Lovely, bright sunshine! Vehicles going past are throwing reflections all over the shop, with the sun so low. 45F, wind at 1mph, AQI 48? Hmm… There’s still a chance of rain, starting Tuesday, but not quite as solid a chance as it looked a few days ago.
Yesterday it was difficult to make myself get up so we could get the shop open. Our coffeemaker is here, though, so that helps. 🙂 I’ve been reading a treatise on cheesemaking from 1588 and got to talking to Tempus about cheese-presses. We’ve been talking for a couple of years about how to make one.
A couple from Yachats came in and spent quite awhile browsing. We had a few more people in, but the day passed in a blur.
Both of us dozed off sitting upright on the sofa in the reading area, not once, but a couple of times. 🙂 Tempus eventually headed to the post office and then up to storage.
We had some lunch and then he went to do laundry. A bit after 7 I closed up and started working on the cheeses. Once Tempus was back he got supper and I did some more cheese after that. This 3rd fig cheese really didn’t quite manage to curdle properly, so I added some rennet and cooked it like Schiz (which is the cheese that I usually fry….) …and then the brined cheese exploded and had to be re-molded and the schiz didn’t fit in the boxes. Well, it got done. There are days like that, when
experiments go wrong. It’s frustrating.
So today, Herbs Workshop is 11am-1pm. We’ll be starting with rose sachets, then going on to eggshell fertilizer and then prepping some other herbs, along with looking over the pots outside. Sewing will be at 3pm.
A picture that our son Arthur took on 10/19/15 of the San Diego sunset. Wow!
In 1947 on this date the House Committee on Un-American Activities (HUAC) was formed. Often called “the McCarthy era”, most liberals saw it (and still see it) as a witch-hunt. More here: http://en.wikipedia.org/wiki/House_Un-American_Activities_Committee
Sweet Woodruff, Galium odoratum is also called: sweetscented bedstraw, Master of the Woods and wild baby’s breath. The sweet smell persists when dried which makes it great for potpourri. It is also used as a flavoring agent in wines, beers, soft drinks and syrups and even in green gummy bears! The traditional witchy use is in May Wine along with strawberries, but you have to be careful not to steep it too long because coumarin (the odiferous agent) can give people headaches. – Masculine, Mars, Fire – Carry to attract money, bring victory for athletes and warriors. In a pouch of leather it guard against harm. cordiality, eternal life, rejoicing. Wiki article at https://en.wikipedia.org/wiki/Galium_odoratum
The shop opens at 11am. Our hours are changing! Winter hours are 11am-5pm Thursday through Monday. Need something off hours? Give us a call at 541-563-7154 or Facebook or email at email@example.com If we’re supposed to be closed, but it looks like we’re there, try the door. If it’s open, the shop’s open! In case of bad weather, check here at the blog for updates, on our Facebook as Ancient Light, or call the shop.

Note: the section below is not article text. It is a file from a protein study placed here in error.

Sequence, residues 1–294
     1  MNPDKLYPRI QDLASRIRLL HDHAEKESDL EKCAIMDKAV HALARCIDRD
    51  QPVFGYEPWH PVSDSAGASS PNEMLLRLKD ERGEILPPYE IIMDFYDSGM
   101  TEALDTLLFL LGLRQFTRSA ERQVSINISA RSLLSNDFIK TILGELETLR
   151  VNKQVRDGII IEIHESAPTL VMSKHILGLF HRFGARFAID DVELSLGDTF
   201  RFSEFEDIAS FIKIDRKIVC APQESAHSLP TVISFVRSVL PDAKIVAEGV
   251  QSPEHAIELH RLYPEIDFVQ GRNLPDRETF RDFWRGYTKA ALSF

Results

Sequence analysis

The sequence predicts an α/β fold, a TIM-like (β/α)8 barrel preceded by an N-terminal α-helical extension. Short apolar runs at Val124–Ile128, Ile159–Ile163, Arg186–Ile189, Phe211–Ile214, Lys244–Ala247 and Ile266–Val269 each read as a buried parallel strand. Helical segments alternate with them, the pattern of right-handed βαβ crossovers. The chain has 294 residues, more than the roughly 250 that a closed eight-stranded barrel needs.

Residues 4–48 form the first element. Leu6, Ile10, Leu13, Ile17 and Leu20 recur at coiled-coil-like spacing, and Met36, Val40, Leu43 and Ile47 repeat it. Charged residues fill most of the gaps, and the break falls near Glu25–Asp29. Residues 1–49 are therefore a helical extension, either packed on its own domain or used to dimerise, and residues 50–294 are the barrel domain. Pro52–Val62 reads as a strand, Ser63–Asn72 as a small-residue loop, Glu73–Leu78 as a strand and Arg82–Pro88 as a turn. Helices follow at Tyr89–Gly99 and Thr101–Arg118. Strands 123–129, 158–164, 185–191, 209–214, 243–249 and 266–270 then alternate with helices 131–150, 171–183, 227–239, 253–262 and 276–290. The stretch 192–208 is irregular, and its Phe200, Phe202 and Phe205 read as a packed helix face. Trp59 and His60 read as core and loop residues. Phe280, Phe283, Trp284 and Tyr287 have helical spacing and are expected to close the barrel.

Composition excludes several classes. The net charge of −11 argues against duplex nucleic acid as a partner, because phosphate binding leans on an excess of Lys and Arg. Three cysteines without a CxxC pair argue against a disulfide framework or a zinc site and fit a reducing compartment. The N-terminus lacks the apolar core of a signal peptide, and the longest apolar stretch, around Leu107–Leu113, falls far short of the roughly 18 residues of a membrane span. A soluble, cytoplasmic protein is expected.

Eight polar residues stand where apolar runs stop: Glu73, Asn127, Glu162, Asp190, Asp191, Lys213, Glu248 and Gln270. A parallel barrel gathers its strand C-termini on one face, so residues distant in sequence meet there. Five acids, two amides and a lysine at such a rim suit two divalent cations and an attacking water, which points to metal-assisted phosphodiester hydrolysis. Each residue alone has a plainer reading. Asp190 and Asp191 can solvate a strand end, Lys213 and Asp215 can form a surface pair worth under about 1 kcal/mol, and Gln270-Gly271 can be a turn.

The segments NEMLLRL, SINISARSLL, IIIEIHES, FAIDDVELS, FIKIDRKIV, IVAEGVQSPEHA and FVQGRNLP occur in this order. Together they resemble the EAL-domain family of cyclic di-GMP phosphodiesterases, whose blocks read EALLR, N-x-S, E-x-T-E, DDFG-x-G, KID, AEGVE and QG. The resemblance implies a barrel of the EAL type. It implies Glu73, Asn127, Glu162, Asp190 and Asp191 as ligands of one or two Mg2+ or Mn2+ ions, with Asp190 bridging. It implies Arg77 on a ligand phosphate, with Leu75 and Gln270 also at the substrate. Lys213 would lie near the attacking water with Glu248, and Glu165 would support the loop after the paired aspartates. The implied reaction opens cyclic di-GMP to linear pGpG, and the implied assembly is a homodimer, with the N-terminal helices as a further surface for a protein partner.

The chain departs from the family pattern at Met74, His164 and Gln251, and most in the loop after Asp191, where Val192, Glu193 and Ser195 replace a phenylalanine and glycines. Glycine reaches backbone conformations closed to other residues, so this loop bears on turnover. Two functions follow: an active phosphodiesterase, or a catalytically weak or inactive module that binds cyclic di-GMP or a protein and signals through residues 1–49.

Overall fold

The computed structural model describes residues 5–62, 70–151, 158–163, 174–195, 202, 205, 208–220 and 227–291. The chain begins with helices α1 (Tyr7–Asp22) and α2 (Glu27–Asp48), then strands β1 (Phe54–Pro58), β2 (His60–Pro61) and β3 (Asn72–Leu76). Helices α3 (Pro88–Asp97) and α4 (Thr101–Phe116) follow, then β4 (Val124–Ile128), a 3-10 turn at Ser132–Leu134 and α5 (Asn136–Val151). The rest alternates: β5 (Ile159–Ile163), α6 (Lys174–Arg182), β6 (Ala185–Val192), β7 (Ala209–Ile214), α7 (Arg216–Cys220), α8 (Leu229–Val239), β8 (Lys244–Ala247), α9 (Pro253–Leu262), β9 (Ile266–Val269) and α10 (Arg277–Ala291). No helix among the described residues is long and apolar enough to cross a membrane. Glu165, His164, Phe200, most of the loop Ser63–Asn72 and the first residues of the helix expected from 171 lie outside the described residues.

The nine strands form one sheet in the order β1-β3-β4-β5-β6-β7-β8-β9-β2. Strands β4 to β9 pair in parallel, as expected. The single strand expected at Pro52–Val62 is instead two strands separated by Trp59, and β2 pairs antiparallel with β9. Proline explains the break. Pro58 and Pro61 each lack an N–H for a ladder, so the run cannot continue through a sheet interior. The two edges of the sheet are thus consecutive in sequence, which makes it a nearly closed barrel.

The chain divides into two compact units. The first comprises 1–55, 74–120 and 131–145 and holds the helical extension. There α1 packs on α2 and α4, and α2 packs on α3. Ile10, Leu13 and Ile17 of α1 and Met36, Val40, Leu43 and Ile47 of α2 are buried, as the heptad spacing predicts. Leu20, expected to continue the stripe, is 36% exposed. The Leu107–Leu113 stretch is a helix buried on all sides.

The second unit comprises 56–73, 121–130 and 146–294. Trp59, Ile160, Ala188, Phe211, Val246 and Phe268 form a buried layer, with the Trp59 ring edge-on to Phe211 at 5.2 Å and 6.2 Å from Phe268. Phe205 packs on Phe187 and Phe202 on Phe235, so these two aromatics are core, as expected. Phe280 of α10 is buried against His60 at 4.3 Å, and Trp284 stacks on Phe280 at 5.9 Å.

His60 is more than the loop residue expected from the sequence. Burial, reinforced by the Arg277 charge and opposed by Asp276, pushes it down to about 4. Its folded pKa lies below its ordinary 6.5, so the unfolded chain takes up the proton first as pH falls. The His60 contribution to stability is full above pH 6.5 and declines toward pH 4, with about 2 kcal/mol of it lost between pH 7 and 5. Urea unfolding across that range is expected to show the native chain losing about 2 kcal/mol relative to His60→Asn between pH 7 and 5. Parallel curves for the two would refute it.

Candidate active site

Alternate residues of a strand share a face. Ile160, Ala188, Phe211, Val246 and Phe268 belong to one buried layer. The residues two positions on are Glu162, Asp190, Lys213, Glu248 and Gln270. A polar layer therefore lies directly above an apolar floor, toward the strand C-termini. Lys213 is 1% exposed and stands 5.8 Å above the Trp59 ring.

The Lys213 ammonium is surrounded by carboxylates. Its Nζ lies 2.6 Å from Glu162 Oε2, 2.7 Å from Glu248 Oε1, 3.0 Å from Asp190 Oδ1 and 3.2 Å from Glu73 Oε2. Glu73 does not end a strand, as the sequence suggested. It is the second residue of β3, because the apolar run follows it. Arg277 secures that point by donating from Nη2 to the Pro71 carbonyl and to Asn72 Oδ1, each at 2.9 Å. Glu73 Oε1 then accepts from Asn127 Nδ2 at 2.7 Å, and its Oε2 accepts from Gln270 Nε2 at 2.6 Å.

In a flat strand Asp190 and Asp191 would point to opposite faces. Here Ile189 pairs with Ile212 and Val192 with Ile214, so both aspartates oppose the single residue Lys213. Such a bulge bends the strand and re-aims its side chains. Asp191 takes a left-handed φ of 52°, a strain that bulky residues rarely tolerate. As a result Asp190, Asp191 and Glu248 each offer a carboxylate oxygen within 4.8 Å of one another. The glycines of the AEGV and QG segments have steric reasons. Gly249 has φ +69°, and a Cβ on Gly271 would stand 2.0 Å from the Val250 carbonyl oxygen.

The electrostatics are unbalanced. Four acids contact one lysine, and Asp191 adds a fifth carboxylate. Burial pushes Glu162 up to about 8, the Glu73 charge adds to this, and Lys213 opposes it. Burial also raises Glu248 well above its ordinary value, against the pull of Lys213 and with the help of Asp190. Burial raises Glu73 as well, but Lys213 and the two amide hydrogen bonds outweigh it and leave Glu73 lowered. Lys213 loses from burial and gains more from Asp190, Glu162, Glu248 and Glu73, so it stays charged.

Love & Light,
Today’s Astro & Calendar
Waxing Moon Magick – The waxing moon is for constructive magick, such as love, wealth, success, courage, friendship, luck or healthy, protection, divination. Any working that needs extra power, such as help finding a new job or healings for serious conditions, can be done now. Also, love, knowledge, legal undertakings, money and dreams. Phase ends at the Tide Change on 10/24 at 9:45am. Waxing Gibbous Moon – From seven to fourteen days after the new moon. For spells that need concentrated work over a ¼ moon cycle this is the best time for constructive workings. Aim to do the last working on the day of the Full moon, before the turn. Keywords for the Gibbous phase are: analyze, prepare, trust. It is the time in a cycle to process the results of the actions taken during the First Quarter. During this phase you are gathering information. Give up making judgments; it will only lead to worry. Your knowledge is incomplete. Laugh. Analyze and filter. LOOK WITHIN. God/dess aspect: Maiden/Youth, but in the uncommitted phase, the Warriors – Associated God/desses: Dion, Dionysius, Venus, Thor. Phase ends at the Full on 10/22 at 9:45pm.
After dark, look upper left of the Moon, by two or three fists at arm’s length, for the Great Square of Pegasus. It’s standing on one corner and is a little more than a fist at arm’s length in size.
The variable star Algol >>> in Perseus reaches minimum brightness around 10:39 p.m. EDT, when it shines at magnitude 3.4. If you start tracking it this evening, you can watch it more than triple in brightness (to magnitude 2.1) by dawn. This eclipsing binary star runs through a cycle from minimum to maximum and back every 2.87 days. Algol remains visible all night, passing nearly overhead around 2 a.m. local daylight time.
Saturn on August 27th, imaged with the 1-meter Chilescope in good seeing by Damian Peach and the Chilescope team. As Earth moves farther east along its orbit from where we were at Saturn’s opposition on June 26th, the more of Saturn’s shadow on the rings behind it is coming into our view (just lower right of the globe). South is up. The famous North Polar Hexagon is plain to see.